Is this the best group of starting pitchers TCU has taken to the College World Series? Jim Schlossnagle looked doubtful.

“Those 2014 and 2015 teams are awful tough to beat,” the Horned Frogs’ 14th-year head coach said. “You had Preston Morrison, Alex Young, Tyler Alexander starting those games.”

Let’s rephrase: Is this the best roll a group of TCU starting pitchers has been on going into the College World Series?

Schlossnagle paused. You may be on to something.

“These guys are performing at a high level,” he said.

No doubt about that.

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Since the end of the regular season, Jared Janczak, Brian Howard, Mitchell Traver and Nick Lodolo are 7-0 in nine starts with a 1.56 ERA, 14 walks and 70 strikeouts in 63 1/3 innings. They have been consistently strong during the Frogs’ run in the Big 12 tournament, Fort Worth Regional and Super Regional.

It’s by far their best stretch of the season and a big part of the reason TCU takes an NCAA-tournament ERA of 2.00, fifth best among the 64 teams that began the playoffs, into the start of the College World Series on Sunday.

“We had a good regular season, but we weren’t consistent in our starting pitching,” Schlossnagle said. “We had that 13-game stretch, but we didn’t really pitch consistently through an entire weekend, which is what you have to do to advance.”

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Since returning from four weeks off because of a shoulder strain, Janczak (9-0, 1.97) has allowed three runs in 22 1/3 innings.

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Howard (11-3, 3.95) has pitched a complete game and struck out 26 in 23 innings, winning the clinching games in the regional and super regional.

Traver (4-1, 3.79) has matched his career high with two seven-inning starts, striking out 17 while walking only three.

Lodolo (5-1, 4.28), the freshman left-hander taken 41st in last year’s major league draft and TCU’s top pitching recruit, has thrown only once since the end of the regular season. But he appeared poised to live up to billing with a strong seven innings in a no-decision against Kansas at the Big 12 tournament.

Since returning from time off due to injury, Janczak (9-0, 1.97) has allowed three runs in 22 1/3 innings.

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Since returning from time off due to injury, Janczak (9-0, 1.97) has allowed three runs in 22 1/3 innings.

Janczak and Howard have started each of the last three weekends and lead TCU in innings pitched.

Traver pitched the first two weekends but didn’t get a start in the super regionals because of the Janczak- and Howard-led two-game sweep.

Lodolo has been off since May 24, more than three weeks.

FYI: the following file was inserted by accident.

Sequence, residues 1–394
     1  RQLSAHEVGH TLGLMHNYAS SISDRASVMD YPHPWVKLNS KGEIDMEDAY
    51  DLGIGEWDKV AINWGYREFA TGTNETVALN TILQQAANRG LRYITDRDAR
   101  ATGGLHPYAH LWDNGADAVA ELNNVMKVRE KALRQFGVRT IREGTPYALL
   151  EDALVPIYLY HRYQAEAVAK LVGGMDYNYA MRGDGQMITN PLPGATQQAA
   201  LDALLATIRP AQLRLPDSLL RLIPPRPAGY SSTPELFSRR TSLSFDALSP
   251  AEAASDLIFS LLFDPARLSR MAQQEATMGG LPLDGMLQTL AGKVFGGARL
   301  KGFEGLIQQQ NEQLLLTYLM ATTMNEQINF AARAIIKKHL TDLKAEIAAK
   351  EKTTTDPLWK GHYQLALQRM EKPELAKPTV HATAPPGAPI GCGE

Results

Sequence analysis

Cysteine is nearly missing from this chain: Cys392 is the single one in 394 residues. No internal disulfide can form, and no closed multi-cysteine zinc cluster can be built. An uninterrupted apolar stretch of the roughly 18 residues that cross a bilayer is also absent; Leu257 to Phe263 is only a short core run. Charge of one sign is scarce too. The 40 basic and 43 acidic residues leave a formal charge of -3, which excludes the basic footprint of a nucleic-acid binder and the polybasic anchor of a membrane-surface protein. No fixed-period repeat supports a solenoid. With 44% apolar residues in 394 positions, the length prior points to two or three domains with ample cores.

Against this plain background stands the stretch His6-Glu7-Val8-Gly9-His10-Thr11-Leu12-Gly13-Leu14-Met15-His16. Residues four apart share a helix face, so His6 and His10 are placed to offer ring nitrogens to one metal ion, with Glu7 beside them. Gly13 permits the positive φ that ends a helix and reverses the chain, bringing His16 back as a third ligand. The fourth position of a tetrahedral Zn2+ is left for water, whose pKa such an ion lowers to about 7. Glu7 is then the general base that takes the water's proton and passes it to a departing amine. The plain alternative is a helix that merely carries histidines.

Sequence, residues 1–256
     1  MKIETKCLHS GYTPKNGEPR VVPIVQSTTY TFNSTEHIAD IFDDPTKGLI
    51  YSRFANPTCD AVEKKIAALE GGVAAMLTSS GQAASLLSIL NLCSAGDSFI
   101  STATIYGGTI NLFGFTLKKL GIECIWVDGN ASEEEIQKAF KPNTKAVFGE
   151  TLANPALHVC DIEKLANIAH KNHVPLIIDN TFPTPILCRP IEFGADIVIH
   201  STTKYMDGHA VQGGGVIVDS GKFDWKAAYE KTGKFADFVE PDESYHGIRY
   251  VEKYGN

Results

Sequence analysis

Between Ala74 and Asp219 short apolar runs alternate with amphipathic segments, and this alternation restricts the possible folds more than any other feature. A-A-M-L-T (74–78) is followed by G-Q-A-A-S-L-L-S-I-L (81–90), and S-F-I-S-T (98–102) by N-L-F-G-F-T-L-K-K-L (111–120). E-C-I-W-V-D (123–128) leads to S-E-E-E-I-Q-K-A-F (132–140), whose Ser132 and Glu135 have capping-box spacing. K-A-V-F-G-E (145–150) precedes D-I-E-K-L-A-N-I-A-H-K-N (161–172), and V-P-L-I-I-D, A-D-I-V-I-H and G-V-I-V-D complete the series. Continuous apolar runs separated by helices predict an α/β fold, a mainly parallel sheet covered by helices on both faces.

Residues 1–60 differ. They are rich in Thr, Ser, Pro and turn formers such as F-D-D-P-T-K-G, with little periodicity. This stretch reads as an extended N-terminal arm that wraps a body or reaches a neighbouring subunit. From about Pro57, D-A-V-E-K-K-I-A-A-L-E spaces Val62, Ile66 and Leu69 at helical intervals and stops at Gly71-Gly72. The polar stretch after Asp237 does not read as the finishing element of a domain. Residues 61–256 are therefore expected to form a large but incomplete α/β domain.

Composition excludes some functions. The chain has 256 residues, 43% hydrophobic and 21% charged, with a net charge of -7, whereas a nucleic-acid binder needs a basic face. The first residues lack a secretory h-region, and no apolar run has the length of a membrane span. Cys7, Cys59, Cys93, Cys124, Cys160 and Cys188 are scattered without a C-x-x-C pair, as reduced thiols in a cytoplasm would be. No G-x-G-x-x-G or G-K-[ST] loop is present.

No matter. He and Traver apparently remain sharp.

“We had a sim game Tuesday, and both threw exceptionally well,” pitching coach Kirk Saarloos said. “Anytime you have a guy that turned down quite a bit of money to come to school and has the talent that Nick Lodolo has and hasn’t been used in two weeks, it says a lot for the experience and the success of those three older guys.”

The success of the starting pitchers has come while facing three of the most powerful middle orders in college baseball — Virginia’s Adam Haseley and Pavin Smith; Dallas Baptist’s 97-homer lineup led by Austin Listi and Matt Duce; and Missouri State’s 20-plus-homer twins, Jake Burger and Jeremy Eierman.

Combined, those six hitters were 6-for-27 with two home runs, three RBIs, five walks and nine strikeouts against TCU pitching. Smith, taken seventh overall in the draft on Monday, struck out twice against Janczak after having struck out only nine times all season.

“When the bright lights come on, Brian Howard comes out,” catcher Evan Skoug said. “Jared is like Brian. When the lights come on, Jared comes out.”

No matter the lineups they face in Omaha, the Frogs’ starting pitchers can look back at a track record that got longer and more credible in the past three weeks.

“Getting Jared back gave us more depth, gave us another pitcher that could pitch deep into games,” Schlossnagle said. “Traver’s pitched the best he has pitched, really, in college the last couple of weeks. We’re sitting here, and we haven’t thrown a first-rounder. When you can match up and pitch deep into games and save the bullpen, that’s what elite baseball and Omaha clubs are made of.”

This article is written by Carlos Mendez from Fort Worth Star-Telegram and was legally licensed via the Tribune Content Agency through the NewsCred publisher network. Please direct all licensing questions to legal@newscred.com.




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